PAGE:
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Post-mortem says youth died as he didn’t send a Sai Baba SMS to seven people

A 20-year-old college student, who was found dead last weekend in Vasant Kunj, Delhi, did not die of a road accident, as thought of earlier. The autopsy report came out today and it claims that the youth died because he had not sent a particular SMS to seven friends about a month ago.

The student, Varun Gehlot, was found dead early morning on Sunday. Initial reports had suggested an attack from a raging bull, while some speculations said that a speedy car killed him. The police, however, ruled out the possibility of any road accident since no evidence could be found supporting the speculation.

“During investigation into the phone records of Varun Gehlot, we found an SMS he had received from a friend of his on April 2. The SMS said, ‘This SMS was first sent from Jammu. Tomorrow is the birthday of Sai Baba. Fwd this SMS to seven people otherwise you will die within one month.’ But he sent it to only one person and therefore met his death,” observed the report.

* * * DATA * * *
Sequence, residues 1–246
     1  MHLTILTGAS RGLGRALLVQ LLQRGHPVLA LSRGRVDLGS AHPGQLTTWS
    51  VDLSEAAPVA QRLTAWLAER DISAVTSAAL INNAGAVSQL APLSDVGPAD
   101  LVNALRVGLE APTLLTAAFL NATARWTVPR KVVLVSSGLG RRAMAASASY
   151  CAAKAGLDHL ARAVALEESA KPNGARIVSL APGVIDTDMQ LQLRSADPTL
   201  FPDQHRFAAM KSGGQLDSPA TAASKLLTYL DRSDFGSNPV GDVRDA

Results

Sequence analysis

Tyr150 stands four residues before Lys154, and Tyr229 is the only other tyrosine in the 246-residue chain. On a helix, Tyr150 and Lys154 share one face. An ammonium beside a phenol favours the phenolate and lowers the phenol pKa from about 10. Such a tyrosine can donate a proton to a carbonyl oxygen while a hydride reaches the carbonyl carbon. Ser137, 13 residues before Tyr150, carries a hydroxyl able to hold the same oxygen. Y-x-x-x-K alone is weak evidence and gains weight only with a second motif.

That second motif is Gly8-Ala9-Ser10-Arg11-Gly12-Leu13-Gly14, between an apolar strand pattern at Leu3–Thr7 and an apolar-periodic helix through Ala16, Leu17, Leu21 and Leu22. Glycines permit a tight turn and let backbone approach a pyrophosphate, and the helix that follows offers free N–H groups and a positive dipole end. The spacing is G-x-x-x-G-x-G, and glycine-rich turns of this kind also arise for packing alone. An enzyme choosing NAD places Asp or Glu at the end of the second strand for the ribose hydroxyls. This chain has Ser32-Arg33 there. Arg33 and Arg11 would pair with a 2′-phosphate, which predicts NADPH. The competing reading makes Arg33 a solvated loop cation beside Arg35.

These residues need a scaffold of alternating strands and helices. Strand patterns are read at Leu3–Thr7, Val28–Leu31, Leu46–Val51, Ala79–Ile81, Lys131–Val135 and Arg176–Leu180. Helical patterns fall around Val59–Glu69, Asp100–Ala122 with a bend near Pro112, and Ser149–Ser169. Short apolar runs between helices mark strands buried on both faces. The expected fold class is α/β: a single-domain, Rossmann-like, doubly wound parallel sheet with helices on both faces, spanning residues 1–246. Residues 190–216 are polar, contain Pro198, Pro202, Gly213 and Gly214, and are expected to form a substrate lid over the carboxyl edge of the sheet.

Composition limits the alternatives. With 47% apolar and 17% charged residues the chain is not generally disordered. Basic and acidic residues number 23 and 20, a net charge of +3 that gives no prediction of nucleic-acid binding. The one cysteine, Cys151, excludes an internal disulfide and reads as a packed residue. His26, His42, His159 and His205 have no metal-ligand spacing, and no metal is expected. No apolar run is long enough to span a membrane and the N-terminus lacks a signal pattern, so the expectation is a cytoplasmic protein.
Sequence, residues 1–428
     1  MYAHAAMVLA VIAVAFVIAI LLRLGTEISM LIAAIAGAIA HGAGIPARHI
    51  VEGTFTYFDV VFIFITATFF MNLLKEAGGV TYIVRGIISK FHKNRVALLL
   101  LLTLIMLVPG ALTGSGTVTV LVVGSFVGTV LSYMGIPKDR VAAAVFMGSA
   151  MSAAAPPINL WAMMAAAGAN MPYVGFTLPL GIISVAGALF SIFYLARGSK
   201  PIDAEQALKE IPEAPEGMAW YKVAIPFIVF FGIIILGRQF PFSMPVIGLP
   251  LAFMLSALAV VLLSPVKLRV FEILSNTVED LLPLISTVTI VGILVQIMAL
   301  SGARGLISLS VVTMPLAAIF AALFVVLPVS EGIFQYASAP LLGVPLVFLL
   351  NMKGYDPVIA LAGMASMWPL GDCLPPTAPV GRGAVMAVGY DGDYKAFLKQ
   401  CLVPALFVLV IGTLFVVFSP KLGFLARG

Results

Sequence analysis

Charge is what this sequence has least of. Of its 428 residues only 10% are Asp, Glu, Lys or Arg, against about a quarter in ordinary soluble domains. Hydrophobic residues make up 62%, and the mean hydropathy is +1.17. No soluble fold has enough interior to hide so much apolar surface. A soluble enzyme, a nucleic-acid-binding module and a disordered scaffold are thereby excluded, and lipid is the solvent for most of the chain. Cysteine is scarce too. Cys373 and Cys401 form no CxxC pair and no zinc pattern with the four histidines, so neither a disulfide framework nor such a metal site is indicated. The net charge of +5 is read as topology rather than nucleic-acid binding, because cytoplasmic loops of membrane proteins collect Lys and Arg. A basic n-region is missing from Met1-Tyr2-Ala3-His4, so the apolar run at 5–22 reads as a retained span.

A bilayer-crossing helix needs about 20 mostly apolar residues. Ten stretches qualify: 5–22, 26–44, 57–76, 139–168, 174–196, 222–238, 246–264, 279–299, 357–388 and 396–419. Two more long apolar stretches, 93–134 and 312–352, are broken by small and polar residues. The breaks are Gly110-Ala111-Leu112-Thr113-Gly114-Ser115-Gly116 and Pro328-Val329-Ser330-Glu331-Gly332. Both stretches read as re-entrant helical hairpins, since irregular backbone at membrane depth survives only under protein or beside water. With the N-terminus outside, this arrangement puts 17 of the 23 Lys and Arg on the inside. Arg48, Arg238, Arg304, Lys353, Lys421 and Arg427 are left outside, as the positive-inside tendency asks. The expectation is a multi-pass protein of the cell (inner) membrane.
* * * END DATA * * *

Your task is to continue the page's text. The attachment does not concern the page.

Meanwhile, Varun’s father and sister, who also received a similar SMS earlier this week, have anxiously started forwarding it to as many people as they can. Due to their busy SMSing schedule as a result of this, the funeral has been delayed, even as the police have returned the dead body after investigations.

The autopsy report has sent the whole city into a grim mood, with people of all ages busy sending out the message to seven people each. Even those who didn’t receive any such message typed it out. People are leaving no stone unturned to save themselves from a disaster that might occur if they ignored a particular SMS.

The government has, meanwhile, requested the public to maintain peace and harmony. It issued an advisory to people telling them to forward such messages. The government cellular service, MTNL, has cut down SMS rates for messages that contain matching content.

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Tanay Sukumar

I founded this website in 2009. I served as Editor-in-Chief from November 2009 to May 2013.
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